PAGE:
Saturday, October 24, 2009

Monday, October 19, 2009

Xen and the Art of Virtualization

Modern computers are sufficiently powerful to use virtualization to present the illusion of many smaller virtual machines (VMs), each running a separate operating system instance. Xen uses paravirtualization for the Virtual Machine monitor (VMM). A VMM is the layer between software and hardware, allowing more than one guest OS to run concurrently. Xen shows good performance and isolation of each VM, while allowing unmodified applications and supporting full operating systems.

When Xen began its development, it could not support a guest OS "as is", and patches to the guest kernel had to be applied. Today, architecture modifications allow unmodified kernels to run over Xen. The IA32 architecture uses a 4 ring privileges model, where the highest privilege (usually the OS, but now the Xen VMM) is running in ring 0, the rings 1 (now running the OS) and 2 are mostly unused, and ring 3 is home for the applications.

The Xen architecture is as follows:
-The hypercall interface allows domains to perform asynchronous software trap into the hypervisor to perform a privileged operation, analogous to the use of system calls in conventional operating systems.
-Xen allows guests to manage their own page tables (PTs), but limits the direct access to it to read-only. Modifying the PT is permitted with a Xen verification of the change.
-The hardware interrupt system is replaced by a lightweight event system.
-Xen contains no device drivers. Each driver request forwarded by a guest OS, is redirected by Xen to the Host OS device driver, allowing the guest OS to interact with the hardware while being hardware-independent.

The scalability provided by Xen's lightweight hypervisor allows for many VMs on each physical machine, which allows for efficient, fine-grained, and dynamic management of VMs. Xen’s network performance is important due to the need for multiple VMs running on separate physical machines. For example, an application’s need for 1000 machines may be serviced by 4000 VMs running on a quarter machine.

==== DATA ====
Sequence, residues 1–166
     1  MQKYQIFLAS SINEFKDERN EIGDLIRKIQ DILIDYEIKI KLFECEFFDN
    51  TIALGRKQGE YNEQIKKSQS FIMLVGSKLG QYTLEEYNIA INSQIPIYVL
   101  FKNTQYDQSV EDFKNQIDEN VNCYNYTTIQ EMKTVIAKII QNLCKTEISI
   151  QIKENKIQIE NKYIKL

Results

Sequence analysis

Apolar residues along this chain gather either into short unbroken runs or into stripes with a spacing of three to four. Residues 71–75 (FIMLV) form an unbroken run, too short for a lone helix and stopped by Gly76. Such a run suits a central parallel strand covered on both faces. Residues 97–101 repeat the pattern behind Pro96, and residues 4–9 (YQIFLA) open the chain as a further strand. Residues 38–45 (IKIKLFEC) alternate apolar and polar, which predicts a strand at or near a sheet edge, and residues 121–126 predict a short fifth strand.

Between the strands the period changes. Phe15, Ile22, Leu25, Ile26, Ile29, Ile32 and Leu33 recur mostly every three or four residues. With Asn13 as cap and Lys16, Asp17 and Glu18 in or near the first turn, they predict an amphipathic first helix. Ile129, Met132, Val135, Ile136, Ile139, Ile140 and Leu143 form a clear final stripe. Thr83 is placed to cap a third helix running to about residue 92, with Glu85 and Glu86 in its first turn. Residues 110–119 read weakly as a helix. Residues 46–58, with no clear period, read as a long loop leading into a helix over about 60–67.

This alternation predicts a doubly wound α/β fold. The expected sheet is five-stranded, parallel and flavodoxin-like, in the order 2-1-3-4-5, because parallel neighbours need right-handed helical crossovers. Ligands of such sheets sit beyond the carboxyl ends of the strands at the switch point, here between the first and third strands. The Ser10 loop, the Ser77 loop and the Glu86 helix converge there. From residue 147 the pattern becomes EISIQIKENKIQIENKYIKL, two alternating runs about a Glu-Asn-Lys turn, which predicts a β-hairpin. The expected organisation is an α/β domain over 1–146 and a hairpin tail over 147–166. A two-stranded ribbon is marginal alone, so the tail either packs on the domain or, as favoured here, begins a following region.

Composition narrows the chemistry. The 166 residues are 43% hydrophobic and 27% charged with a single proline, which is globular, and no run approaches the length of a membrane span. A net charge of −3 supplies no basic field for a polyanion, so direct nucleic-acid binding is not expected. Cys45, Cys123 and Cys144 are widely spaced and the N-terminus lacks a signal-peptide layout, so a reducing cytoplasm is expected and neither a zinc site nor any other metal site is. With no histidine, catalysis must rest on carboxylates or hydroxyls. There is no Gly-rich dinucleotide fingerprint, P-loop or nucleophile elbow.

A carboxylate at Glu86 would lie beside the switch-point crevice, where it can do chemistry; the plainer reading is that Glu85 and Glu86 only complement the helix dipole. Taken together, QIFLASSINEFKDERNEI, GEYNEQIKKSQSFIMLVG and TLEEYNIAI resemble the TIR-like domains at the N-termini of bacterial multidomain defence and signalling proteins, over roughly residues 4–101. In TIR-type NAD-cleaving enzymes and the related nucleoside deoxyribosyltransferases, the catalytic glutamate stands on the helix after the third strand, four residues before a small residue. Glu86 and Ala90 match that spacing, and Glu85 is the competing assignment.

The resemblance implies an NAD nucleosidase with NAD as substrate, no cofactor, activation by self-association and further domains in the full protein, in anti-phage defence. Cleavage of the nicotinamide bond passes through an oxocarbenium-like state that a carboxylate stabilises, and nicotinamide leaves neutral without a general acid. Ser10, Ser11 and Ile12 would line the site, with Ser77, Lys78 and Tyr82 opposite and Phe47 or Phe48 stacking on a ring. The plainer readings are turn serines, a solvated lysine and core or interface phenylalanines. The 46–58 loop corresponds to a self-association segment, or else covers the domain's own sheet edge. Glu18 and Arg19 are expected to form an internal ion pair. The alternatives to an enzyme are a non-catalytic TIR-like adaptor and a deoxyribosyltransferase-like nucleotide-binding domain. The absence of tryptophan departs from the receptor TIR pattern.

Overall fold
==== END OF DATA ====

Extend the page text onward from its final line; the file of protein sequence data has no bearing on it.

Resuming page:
Please see a previous post for additional comments:
Virtualization vs. OS Separation

Wednesday, October 7, 2009

Parallel Database Systems

Parallel Database Systems: The Future of High Performance Database Systems
by David DeWitt and Jim Gray

I remember reading this paper years ago. Reading it again next to having read the MapReduce paper put the parallel DB mindset into a modern view. Anyone who has read the MapReduce paper should read this article.
MapReduce summary

These papers give perspective on how the problem can expand and be attacked more than a decade into the future. The Parallel DB paper goes over some barriers to speedup: startup, interference, skew. The scale of the problem and needed parallelism has increased dramatically since the parallel DB article was written (multi-PB vs multi-TB). There was also great foresight in this paper concerning the use of local computation on commodity processors and memory (shared-nothing architecture).